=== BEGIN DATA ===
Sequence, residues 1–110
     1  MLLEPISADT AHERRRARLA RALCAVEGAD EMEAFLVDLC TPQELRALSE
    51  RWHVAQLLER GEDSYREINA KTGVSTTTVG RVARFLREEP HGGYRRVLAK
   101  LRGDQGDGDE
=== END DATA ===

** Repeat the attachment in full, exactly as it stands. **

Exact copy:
Sequence, residues 1–110
     1  MLLEPISADT AHERRRARLA RALCAVEGAD EMEAFLVDLC TPQELRALSE
    51  RWHVAQLLER GEDSYREINA KTGVSTTTVG RVARFLREEP HGGYRRVLAK
   101  LRGDQGDGDE